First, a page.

University of Cincinnati researchers in Ohio are reporting the development of a catalytic hydroboration system for the “highly efficient” reduction of CO2 with a borane and then hydrolysis of the resulting methoxyboryl species to produce methanol (CH3OH) with a good yield.  In short form – the researchers have a system to take CO2 gas and reform it into methanol, the lightest alcohol.

Nickel Catalist for CO2 to Methanol Flowchart. Click image for the largest view.

The new paper published June 14th in the American Chemical Society journal Energy & Fuels reports a highly efficient nickel system for the catalytic hydroboration of CO2 to methoxyboryl species using a simple borane. The reactions operate at room temperature with turnover frequencies [495 h-1 based on B-H] at least 1 order of magnitude higher than those of the related reactions.

The improvement comes from the recent development of frustrated Lewis acid-base pair chemistry, which has led to alternative strategies for the reduction of CO2 to the methoxide level given either H2 or H3NBH3 9 as a hydrogen source.

The mechanism involves a nickel formate, formaldehyde, and a nickel methoxide as different reduced stages for the CO2. The reaction may also be catalyzed by an air-stable nickel formate.

It’s quite an involved process.  A look through the paper and the supporting documentation shows the lab effort was precise and over an extensive set of steps – very productive.  The process is also running at near ambient temperatures.  These are very good signs for further progress.   More research is under way to determine the mechanistic details and improve the catalytic efficiencies.  Its quite interesting news when the energy input is considered, too.

Yet there’s an avalanche of problems in those steps, too many to start an examination.  The researchers have managed to get process theory to work.  That’s great. There is also a matter of the chemical forms used – most everything is pure – which is OK, but the scale up would need some tolerances.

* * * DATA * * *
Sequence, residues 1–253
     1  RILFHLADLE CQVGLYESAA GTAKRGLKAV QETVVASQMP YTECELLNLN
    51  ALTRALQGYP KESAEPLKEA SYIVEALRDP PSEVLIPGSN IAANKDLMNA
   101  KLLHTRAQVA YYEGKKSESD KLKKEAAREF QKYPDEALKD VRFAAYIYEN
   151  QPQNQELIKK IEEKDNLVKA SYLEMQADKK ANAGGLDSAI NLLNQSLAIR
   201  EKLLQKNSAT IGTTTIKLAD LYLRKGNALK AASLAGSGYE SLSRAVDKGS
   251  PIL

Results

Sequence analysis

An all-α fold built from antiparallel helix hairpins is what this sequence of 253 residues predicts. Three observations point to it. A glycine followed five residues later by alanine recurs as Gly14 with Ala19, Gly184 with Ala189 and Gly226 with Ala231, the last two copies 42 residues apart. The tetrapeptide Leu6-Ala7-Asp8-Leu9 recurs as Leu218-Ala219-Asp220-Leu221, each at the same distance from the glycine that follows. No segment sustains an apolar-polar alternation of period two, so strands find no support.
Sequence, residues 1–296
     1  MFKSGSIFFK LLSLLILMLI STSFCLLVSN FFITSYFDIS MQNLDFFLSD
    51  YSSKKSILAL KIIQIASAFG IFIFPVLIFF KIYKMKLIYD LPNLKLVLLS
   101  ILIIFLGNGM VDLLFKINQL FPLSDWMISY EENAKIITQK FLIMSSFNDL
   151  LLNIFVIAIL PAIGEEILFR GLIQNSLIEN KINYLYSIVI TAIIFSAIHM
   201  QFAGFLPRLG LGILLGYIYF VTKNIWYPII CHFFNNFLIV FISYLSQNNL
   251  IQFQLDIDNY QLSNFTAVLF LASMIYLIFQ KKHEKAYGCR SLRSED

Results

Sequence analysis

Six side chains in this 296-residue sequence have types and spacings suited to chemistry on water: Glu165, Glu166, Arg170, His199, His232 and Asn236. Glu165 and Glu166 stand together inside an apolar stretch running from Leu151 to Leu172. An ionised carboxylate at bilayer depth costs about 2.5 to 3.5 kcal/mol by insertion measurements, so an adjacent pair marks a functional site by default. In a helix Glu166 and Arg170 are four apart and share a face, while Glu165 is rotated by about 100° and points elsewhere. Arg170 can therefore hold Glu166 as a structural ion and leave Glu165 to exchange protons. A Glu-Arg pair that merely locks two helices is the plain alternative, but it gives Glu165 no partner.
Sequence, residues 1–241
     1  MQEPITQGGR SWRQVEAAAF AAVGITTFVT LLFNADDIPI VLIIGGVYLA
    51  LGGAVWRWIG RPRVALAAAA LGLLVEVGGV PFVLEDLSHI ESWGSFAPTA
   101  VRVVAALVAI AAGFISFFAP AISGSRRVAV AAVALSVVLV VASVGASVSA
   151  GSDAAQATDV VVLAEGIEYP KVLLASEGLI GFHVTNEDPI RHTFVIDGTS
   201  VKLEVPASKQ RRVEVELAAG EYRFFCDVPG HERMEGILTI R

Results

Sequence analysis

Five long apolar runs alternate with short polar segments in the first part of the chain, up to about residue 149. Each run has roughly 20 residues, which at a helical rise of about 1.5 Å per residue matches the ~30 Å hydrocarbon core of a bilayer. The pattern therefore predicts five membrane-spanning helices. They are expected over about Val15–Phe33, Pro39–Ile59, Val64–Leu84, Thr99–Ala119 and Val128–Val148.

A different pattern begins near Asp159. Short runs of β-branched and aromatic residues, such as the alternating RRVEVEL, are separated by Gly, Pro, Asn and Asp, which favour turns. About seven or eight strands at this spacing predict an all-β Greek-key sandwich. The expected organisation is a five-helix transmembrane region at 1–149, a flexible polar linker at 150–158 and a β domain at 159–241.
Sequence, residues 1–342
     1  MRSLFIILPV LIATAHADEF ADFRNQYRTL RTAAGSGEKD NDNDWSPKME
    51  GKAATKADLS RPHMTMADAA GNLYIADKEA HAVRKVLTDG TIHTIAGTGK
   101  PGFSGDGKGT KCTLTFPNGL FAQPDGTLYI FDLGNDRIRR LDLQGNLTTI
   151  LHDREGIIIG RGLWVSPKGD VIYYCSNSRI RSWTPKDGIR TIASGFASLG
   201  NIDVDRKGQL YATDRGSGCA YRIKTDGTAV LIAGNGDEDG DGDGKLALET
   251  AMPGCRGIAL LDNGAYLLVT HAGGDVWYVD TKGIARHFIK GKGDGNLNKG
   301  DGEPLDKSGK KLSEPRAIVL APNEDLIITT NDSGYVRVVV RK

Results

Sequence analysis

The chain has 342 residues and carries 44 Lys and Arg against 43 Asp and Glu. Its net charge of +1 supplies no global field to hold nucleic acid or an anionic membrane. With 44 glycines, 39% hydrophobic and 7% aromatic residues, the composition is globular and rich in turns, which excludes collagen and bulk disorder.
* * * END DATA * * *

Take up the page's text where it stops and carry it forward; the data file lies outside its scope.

Another point is the inputs and wastes from the process are not addressed.  It’s likely that all the chemicals used can be recycled, but just what might be involved in that isn’t explored.

The CO2 source itself isn’t real clear either.  But the science is sound.  Perhaps it’s a starting point for mankind to join the planet’s carbon cycle.

But – getting the hydrogen isn’t going to be free.  The energy required isn’t explained, and most any chemical process of this kind is going to have a long input train from the raw materials to make the required chemicals on to the process itself and then recycle or dispose of the wastes.

Low temperature operation – great news.  Overall a fine effort to get to the goal.  There remain a lot of difficult unanswered questions and measures to take.  The team has a working model for the effort.

Can the new process scale up at economies of scale?  That doesn’t look too promising, but the first step is built and the nickel-based chemistry now has some legs to move on.

CO2 either as an atmospheric gas or a rich effluent source is a rich, diffused and uniform resource if a process can be invented to recycle it back with hydrogen to make a fuel product lots of the anti CO2 crowd would lose their issue.


6 Comments so far

  1. Jagdish on July 26, 2010 3:30 AM

    Any such process will require more energy than what is produced by burning the carbon. In this case as Borane and the processing effort.

  2. jp straley on July 26, 2010 6:36 AM

    The hydrogen and process energy to run a large plant making methanol with the B catalyst is from an industrial-size LFTR (Th) rxor, which is also splitting water with the high temperature S-I cycle. But can this compete economically with current methods of making MeOH out of natural gas? NG is pretty cheap right now, and will be for the next couple of decades.

    Also, for transportation fuel, MeOH is not very energy dense.

    So we shall see.


  3. JDE on July 26, 2010 6:57 PM

    Why? Does it make a profit? If not it’s foolish. Is it an attempt to “mitigate” CO2 within the atmosphere? If so why do they want to remove plant food from the atmosphere? We are currently residing at one of the lowest level, by huge margins, of atmospheric CO2 within the atmosphere. Spending money to incrementally lower something that needs no lowering is stupid.

  4. Further reading | FT Energy Source | on July 26, 2010 10:20 PM

    […] – Getting that CO² back into fuel […]

  5. JPK on August 20, 2010 5:18 PM

    Environmentalism is both as a philosopical & ideological phenomenon that you must be well understood about.

    You say that “We are currently at one of the lowest level, by huge margins, of atmosperic CO2 within the atmospere”, isn’t it?

    Sounds reasonable, perhaps?

    I will find out soon about the ideological unpredictability.

  6. Auto Traffic Review on March 7, 2011 7:55 AM

    I was seeking a post like this. Thanks a lot.

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